Stony Creek resident Eva Wenger takes the reins at the ADK Folk School.
By Barbara A. Brewer La Mere
Eve Wenger has stepped into her new role as executive director of the Adirondack Folk School in Lake Luzerne, bringing more than 25 years of non-profit management experience to the school.
It was founded three years ago by Jim Mandle “to inspire the hands, heart, and mind by teaching the traditional arts, crafts, and culture of the Adirondacks.”
Wenger has been an Adirondack resident for seven years, having moved to Stony Creek from the Poconos. When the population had doubled in 25 years and the Big Box stores were about to be arriving all too soon, Wenger concluded that, “It was time to plan an exit strategy.”
She has discovered as a member of the board of Stony Creek Free Library that, “The region is rich with experiences and traditions that have been passed down.” She was pleased to discover, when the library had an art show, a depth of talent in two and three dimensional projects displayed.
In working with Family Promise, an organization working to end family poverty and family homelessness, and with Peter’s Valley, a craft education center in New Jersey, Wenger has “developed an understanding of best non-profit management practices.” She has worked in the areas of board and staff development, fund development, and strategic planning, among others.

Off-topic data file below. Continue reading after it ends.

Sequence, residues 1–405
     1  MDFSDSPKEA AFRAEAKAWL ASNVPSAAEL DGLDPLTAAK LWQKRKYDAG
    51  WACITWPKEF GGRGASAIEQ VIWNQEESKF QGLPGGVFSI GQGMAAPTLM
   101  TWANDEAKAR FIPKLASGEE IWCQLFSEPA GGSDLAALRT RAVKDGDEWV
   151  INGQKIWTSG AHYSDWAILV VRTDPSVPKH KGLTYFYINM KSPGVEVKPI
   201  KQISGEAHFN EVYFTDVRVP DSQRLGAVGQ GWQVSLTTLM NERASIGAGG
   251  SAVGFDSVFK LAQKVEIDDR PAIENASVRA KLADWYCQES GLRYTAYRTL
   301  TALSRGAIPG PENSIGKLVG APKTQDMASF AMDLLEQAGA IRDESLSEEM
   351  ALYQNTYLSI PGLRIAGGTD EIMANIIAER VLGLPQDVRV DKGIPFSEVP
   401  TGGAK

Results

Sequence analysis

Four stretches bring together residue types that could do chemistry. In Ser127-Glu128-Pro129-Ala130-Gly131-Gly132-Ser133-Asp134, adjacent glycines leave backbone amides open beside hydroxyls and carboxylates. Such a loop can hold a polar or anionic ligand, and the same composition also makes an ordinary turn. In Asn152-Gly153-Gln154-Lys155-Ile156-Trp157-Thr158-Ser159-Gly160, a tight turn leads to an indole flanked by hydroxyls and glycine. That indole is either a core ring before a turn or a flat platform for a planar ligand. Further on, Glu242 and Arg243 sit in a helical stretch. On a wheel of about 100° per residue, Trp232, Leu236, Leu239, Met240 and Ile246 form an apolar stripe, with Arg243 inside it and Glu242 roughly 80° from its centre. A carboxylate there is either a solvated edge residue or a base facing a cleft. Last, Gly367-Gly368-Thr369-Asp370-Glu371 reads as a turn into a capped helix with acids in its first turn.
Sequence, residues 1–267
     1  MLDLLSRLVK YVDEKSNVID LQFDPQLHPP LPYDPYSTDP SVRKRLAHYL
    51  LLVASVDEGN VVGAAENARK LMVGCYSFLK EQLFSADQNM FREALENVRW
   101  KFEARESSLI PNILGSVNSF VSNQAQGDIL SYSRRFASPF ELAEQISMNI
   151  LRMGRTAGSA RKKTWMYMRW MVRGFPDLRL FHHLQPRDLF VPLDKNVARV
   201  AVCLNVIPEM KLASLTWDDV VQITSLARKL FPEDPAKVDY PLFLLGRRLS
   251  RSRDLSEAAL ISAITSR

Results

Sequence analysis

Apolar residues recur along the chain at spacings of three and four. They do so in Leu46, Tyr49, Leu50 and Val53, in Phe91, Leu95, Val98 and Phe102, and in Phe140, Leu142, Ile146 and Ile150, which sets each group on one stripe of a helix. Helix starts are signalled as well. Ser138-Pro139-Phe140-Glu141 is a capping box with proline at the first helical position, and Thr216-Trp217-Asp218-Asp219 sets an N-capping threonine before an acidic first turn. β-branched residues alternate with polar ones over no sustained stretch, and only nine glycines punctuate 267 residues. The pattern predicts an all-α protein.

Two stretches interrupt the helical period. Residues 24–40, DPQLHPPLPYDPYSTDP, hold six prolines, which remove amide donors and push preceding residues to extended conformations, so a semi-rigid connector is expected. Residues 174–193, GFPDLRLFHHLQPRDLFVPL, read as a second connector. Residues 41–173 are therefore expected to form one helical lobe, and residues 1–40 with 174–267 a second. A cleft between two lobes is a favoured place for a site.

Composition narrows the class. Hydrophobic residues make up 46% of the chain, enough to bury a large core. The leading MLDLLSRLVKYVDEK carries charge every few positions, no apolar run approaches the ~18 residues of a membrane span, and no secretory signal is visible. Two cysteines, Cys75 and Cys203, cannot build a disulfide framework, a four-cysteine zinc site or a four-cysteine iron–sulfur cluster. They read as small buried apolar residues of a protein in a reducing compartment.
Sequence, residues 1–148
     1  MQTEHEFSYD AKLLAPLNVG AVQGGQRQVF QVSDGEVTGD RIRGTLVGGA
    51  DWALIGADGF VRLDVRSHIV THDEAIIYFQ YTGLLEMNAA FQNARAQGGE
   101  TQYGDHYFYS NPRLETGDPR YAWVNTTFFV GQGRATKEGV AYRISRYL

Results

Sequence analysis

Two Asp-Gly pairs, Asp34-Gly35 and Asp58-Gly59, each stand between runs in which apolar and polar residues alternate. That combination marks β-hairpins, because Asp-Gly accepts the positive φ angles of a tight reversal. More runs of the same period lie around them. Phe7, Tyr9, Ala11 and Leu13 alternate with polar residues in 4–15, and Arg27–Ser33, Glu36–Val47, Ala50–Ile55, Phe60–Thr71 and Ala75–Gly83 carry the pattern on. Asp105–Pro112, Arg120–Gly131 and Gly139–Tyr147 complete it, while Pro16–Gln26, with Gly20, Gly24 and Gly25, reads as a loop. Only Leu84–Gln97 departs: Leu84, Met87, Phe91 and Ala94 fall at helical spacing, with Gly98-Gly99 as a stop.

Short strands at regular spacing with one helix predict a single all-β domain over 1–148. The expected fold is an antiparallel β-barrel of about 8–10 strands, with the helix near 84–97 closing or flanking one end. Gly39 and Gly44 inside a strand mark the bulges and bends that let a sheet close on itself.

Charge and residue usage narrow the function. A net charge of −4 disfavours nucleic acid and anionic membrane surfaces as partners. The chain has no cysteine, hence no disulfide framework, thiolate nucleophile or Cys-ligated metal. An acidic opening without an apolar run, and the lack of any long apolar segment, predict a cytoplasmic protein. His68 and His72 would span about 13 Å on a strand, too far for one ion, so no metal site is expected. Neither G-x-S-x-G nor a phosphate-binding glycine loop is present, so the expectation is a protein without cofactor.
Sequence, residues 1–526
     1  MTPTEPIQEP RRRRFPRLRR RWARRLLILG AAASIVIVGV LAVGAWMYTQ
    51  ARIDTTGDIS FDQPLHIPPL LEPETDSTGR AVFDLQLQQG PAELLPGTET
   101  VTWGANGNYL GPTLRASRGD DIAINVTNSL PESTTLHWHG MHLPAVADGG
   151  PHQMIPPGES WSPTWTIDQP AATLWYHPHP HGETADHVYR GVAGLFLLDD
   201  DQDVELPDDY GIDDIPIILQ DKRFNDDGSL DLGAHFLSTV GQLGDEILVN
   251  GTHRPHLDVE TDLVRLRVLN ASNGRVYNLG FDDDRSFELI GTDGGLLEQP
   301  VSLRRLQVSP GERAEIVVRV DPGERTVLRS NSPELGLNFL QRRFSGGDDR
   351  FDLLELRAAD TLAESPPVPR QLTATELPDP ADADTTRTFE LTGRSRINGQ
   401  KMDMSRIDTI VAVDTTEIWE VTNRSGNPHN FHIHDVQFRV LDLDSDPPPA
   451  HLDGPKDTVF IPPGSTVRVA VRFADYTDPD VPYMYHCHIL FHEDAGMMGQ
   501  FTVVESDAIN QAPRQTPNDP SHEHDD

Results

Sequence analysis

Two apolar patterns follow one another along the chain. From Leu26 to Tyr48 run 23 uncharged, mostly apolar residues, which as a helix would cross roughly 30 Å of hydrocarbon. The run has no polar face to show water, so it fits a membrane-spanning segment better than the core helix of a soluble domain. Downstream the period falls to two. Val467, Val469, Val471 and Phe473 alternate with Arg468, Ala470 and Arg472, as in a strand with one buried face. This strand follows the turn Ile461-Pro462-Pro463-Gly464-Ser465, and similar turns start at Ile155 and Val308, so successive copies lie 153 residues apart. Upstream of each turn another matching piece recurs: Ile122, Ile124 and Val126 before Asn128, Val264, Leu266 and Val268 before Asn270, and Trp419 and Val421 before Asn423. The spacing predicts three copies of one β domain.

Arriving at Adirondack Folk School, Wenger credits Mandle and the school’s board and volunteers with having done “an amazing job.” She acknowledges that people “have poured their heart into this place” and looks forward to building on the foundation that they have established.
Wenger’s goals for the school include developing its own online class registration capacity and the ability to accept online payments for classes, donations, gift shop purchases, and memberships. Registrations up to now have been through an arrangement with SUNY Adirondack for which the school is very appreciative. Wenger is looking to increase and diversify revenue to grow in a fiscally stable fashion. She looks forward to expanded course offerings, facilities growth and expansion, and an upgrade in equipment and tools to elevate the general level of operations.
Wenger hopes to expand the class offerings and to expand partnerships with schools and colleges. She’d like to encourage organizations seeking learning experiences to partner with the Folk School.
Gift certificates from the school make good corporate gifts. With offerings that range from soapmaking to blacksmithing, weaving (both fabrics and baskets) to woodworking and a couple of hundred other possibilities, there’s a variety of courses to appeal to many different interests. There are music programs at the Adirondack Folk School as well. The 2013 online class catalog will be available in January with a print version soon to follow.
The school’s e-mail address is www.adirondackfolkschool.org. The phone number is 696- 2400. AFS is on Facebook, too. New classes start in January. The school is at 51 Main St. in Lake Luzerne.